27. Shelter and ventilation
27. Shelter and ventilation
Last update: 2023-04-03
The environment and spaces people spend time in have a large impact on their health and well-being. Many diseases can spread through air or because of water and sanitation conditions.
- Some diseases are spread by droplets in the air (often through coughing and sneezing). Germs can become more concentrated in poorly ventilated rooms or homes in which a sick person is coughing or sneezing. In buildings that are stuffy and poorly ventilated (with little flow of air) a sick person can infect every other person in the same space. To reduce the risk of spreading disease to others, it is a good idea to ventilate houses. People should be instructed to open windows or doors to allow fresh air to come in and stuffy, old air to go out.
- When many people live together in the same space (overcrowding), they can also catch infections more easily from one another. If possible, people should have enough space to move and breathe freely. If possible, encourage people to live or gather in places where there is adequate space.
- In addition to the risk of uncontrolled fires and burns, cooking with charcoal or firewood in an enclosed space (a room or shelter without windows) can harm people who are sick with air-borne diseases. Smoke can make it difficult to breathe, especially if other respiratory conditions are present. It is important to have enough air flow to take the smoke and fumes away.
- Other diseases are spread via contaminated water or bad sanitation or absence of shelter. Diseases that spread via contaminated water or bad sanitation (diarrhoeal diseases, cholera, typhoid, hepatitis E, for example) will spread more easily if clean water is lacking or if sound, clean toilets are not set close to where people shelter. Proper shelters, with clean water and sanitation facilities, which protect people from rain, wind, sun and cold help prevent diseases from spreading and help sick people recover from disease.
What to do and how to do it
Preventing disease in shelters
- When people move following conflict or disaster, the shelters they move into are not usually as good as those they are used to. Help people to have the best possible shelter, one that is well ventilated and has a good water supply, with latrines and waste disposal facilities close by.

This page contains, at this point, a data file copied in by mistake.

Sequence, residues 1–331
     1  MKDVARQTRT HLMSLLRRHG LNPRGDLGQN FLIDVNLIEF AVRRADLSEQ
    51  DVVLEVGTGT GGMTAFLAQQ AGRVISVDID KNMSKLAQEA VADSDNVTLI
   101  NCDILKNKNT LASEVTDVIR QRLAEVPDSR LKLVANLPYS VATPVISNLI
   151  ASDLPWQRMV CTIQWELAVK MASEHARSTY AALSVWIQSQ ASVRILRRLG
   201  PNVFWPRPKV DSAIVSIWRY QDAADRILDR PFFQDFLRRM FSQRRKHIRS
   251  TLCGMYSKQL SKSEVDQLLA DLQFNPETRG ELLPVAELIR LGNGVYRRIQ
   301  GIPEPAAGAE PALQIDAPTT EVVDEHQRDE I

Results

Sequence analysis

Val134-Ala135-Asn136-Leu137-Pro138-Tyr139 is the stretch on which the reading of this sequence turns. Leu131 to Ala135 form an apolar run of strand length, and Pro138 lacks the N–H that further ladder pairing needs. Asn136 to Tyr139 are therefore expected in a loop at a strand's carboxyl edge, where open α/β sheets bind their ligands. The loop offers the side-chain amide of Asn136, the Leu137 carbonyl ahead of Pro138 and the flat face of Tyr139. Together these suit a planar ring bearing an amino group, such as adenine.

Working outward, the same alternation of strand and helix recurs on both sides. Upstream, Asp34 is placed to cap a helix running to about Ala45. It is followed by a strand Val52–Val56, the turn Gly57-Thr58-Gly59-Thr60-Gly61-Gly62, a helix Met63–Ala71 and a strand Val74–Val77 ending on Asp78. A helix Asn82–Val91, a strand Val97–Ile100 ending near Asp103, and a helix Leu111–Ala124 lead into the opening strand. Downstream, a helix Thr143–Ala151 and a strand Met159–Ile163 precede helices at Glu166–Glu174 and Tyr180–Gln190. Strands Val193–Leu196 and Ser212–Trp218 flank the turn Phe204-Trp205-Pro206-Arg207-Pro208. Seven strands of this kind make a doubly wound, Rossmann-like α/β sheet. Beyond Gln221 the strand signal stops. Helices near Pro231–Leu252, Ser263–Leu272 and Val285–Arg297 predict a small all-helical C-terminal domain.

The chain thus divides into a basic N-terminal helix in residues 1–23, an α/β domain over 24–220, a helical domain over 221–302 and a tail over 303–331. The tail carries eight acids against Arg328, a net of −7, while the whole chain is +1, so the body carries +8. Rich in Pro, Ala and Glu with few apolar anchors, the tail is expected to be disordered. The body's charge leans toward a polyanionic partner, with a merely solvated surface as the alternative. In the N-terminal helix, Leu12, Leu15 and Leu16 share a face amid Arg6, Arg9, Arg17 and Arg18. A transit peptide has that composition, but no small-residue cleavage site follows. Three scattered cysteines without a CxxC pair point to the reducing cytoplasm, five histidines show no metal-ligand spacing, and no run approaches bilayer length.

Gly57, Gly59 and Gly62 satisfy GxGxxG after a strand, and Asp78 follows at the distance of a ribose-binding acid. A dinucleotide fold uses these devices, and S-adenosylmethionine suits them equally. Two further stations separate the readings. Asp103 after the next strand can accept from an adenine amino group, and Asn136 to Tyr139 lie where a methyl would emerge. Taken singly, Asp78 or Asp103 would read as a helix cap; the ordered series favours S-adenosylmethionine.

- Always ventilate shared or communal shelters and emergency accommodation.
- Advise people to keep their windows open if the weather permits, especially if they are caring for a sick person.
- Encourage people to wash their hands after going to the toilet, after cleaning a child, and before preparing or eating food.
- Encourage people to wash water storage containers regularly with soap and water, and to keep the area around the shelter free from rubbish and animal waste.
Managing disease in shelters
- When an outbreak of air-borne diseases occurs, it is important to tell your community about the importance of good ventilation and encourage them to open windows and doors regularly.
- When a food or water-borne disease outbreak occurs, it is important to tell your community about the importance of food hygiene and safety, as well as the importance of access to clean water and proper sanitation facilities and waste disposal.
Social mobilization, messaging and community engagement
- Talk to the community about the importance of a clean water supply, sanitation, handwashing and good food hygiene. (See Action tools Clean, safe household water, Good food hygiene, Sanitation, Building and maintaining latrines, Handwashing with soap and Handwashing in a highly infectious epidemic).